HELPING AFTER DEATH 313 stay in the bardo longer than four weeks. The seventh week is also considered a critical juncture, as forty-nine days is taught to be generally the longest stay in the bardo. So on these occasions, masters and practitioners will be invited to the house, and the practices, offerings, and donations to the needy are performed on a grander scale. Another offering ceremony and feast is held one year after the death, to mark the dead person's rebirth. Most Tibetan families have annual ceremonies on the anniversaries of their teachers, parents, husbands, wives, brothers, and sisters, and on these days they will also give donations to the poor. HELPING THE BEREAVED Among Tibetans, whenever someone dies it's natural for relatives and friends to gather round, and everyone always finds some way or another to give a helping hand. The whole community provides strong spiritual, emotional, and practical support, and the dead person's family is never left feeling helpless or at a loss or wondering what they can do. Everyone in Tibetan society knows that as much as possible is being done for the dead person, and that knowledge empowers those who are left behind to endure, accept, and survive the death of their loved ones. How different it is now in modem society, where such community support has been almost entirely lost! I often think how such support could save the grief of bereavement from being prolonged and needlessly difficult, as it so often is. My students who work as bereavement counselors in hospices have told me that one of the severest sources of anguish for the bereaved person is the belief that neither they nor anyone else can do anything for their loved one who has died. But there is, as I have been showing, a great deal that anyone can do to help the dead. One way of comforting the bereaved is to encourage them to do something for their loved ones who have died: by living even more intensely on their behalf after they have gone, by practicing for them, and so giving their death a deeper meaning. In Tibet relatives may even go on a pilgrimage for the dead person, and at special moments and at holy places they will think of their dead loved ones and practice for them. TheTibetans never forget the dead: They will make offerings at shrines on their behalf; at great prayer meetings they will sponsor prayers in their name; they will keep making donations, for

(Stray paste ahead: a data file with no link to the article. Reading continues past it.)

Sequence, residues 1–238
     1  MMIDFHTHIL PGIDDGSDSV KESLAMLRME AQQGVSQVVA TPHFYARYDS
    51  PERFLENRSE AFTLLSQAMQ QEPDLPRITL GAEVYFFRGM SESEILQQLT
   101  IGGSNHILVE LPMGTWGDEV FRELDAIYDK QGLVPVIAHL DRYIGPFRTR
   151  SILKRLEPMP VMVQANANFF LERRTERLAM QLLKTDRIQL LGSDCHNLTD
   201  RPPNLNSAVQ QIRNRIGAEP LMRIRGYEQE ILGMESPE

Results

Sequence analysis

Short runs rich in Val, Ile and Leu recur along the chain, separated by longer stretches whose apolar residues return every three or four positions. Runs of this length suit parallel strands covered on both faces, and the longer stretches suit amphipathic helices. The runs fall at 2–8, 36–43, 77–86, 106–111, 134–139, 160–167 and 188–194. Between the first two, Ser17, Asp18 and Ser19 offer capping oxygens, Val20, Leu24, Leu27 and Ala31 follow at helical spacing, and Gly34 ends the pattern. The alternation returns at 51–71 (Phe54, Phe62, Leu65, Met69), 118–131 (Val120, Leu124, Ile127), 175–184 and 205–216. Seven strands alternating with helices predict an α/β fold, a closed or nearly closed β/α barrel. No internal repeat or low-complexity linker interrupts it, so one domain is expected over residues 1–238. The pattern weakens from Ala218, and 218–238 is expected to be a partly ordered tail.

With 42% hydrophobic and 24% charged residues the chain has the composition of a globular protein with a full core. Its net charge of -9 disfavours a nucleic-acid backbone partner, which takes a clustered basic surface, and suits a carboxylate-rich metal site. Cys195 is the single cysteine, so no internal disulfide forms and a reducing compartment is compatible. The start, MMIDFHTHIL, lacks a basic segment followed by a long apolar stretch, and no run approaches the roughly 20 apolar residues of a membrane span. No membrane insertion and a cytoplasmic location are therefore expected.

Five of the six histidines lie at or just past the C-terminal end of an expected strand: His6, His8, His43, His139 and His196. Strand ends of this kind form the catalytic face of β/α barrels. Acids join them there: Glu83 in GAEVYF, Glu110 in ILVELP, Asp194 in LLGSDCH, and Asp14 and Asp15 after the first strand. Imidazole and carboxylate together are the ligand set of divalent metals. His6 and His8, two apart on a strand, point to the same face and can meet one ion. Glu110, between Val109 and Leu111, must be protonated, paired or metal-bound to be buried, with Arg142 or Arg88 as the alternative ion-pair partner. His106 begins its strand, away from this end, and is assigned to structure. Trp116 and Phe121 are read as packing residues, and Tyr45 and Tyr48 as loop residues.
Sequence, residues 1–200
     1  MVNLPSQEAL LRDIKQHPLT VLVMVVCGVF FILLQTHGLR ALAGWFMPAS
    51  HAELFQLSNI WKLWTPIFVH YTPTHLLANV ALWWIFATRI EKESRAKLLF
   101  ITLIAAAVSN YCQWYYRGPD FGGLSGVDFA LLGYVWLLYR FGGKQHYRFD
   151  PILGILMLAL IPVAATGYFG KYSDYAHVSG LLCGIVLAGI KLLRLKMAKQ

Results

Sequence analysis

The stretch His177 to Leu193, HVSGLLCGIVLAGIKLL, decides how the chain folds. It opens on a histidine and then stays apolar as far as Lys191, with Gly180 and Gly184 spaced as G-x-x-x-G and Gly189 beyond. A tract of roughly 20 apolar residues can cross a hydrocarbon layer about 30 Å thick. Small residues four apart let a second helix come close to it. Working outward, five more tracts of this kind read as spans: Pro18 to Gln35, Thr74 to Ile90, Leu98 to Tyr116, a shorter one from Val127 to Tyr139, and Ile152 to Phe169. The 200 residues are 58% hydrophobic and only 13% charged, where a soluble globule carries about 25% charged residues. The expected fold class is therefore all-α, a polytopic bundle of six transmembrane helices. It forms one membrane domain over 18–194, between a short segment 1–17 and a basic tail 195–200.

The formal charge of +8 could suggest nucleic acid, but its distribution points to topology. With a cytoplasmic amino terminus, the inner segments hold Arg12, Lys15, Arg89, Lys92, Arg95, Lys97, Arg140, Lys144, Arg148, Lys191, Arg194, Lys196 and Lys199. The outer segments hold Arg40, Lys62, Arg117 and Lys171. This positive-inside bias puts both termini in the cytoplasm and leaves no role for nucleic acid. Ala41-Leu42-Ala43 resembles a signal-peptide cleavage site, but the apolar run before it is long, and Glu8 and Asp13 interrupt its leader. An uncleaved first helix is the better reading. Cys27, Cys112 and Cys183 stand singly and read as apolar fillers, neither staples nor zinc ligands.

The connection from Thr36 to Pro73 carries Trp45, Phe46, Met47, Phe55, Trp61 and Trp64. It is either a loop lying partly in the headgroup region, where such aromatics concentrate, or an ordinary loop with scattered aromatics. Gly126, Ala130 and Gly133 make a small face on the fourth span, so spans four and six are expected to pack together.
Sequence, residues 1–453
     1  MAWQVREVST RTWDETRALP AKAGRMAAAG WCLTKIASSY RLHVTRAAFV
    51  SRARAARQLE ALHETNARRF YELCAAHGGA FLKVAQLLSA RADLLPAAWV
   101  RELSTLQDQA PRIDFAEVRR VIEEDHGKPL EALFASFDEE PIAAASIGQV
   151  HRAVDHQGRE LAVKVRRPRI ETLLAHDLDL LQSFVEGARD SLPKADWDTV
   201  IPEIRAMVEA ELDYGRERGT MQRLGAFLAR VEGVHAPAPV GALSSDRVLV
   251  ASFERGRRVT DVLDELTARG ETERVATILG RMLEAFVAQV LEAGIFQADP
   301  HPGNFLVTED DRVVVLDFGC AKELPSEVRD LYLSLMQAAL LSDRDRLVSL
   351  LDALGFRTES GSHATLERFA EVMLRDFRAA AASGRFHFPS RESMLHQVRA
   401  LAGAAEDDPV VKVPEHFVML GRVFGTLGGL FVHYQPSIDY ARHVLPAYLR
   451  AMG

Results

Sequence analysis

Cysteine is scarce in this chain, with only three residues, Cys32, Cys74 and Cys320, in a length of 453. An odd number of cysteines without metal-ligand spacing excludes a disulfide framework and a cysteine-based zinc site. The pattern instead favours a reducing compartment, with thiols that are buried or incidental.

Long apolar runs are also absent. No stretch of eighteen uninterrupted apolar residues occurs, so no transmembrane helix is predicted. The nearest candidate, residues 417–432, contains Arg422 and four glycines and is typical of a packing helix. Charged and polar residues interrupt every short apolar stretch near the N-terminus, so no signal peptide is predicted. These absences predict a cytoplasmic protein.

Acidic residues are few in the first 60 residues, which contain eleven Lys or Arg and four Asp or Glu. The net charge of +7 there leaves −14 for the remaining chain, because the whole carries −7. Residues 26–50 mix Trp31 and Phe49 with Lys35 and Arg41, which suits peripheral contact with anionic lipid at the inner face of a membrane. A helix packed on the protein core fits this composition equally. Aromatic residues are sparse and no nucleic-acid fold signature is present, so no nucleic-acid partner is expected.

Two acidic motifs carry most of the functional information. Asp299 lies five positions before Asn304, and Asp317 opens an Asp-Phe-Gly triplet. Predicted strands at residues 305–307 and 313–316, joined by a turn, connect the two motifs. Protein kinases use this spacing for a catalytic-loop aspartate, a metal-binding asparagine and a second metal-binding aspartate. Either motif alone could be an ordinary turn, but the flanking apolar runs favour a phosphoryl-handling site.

314 THE TIBETAN BOOK OF LIVING AND DYING them, to spiritual projects; and whenever they meet masters they will request special prayers for them. The greatest consolation for a Tibetan would be to know that a master was doing practice for their dead relative. Don't let us half die with our loved ones, then; let us try to live, after they have gone, with greater fervor. Let us try, at least, to fulfill the dead person's wishes or aspirations in some way, for instance by giving some of his belongings to charity, or sponsoring in her name a project she held particularly dear. Tibetans often write letters of condolence to friends who are bereaved that might say something like this: All things are impermanent, and all things die. You know this. It was only natural that your mother died when she did; the older generation is expected to die first. She was elderly and unwell, and will not resent having had to leave her body. And because you can help her now by sponsoring practices and doing good actions in her name, she will be happy and relieved. So please do not be sad. If our friend has lost a child or someone close to them who seemed too young to die so soon, we tell them: Now your little boy has died, and it seems as if your whole world has been shattered. It seems, I know, so cruel and illogical. I cannot explain your son's death, but I do know that it must be the natural result of his karma, and I believe and know that his death must have purified some karmic debt that you and I cannot know about Your grief is my grief. But take heart because now you and I can help him, through our practice and our good actions and our love; we can take his handand walk by his side, even now, even when he's dead, and help him to find a new birth and a longer life next time. In other cases we might write: / know your grief is vast, but when you are tempted to despair, just think how fortunate your friend is to have the masters practicing for her. just think too, that at other times and in other places there has been no such spiritual help at all for those who died. Think, when you remember your loved one dying, how many people are dying in the world today, alone, forgotten, abandoned, and unsupported by any spiritual vision. Think of the people who died in the terrible, inhuman years of the Cultural Revolution in Tibet, where spiritual practice of any kind was forbidden.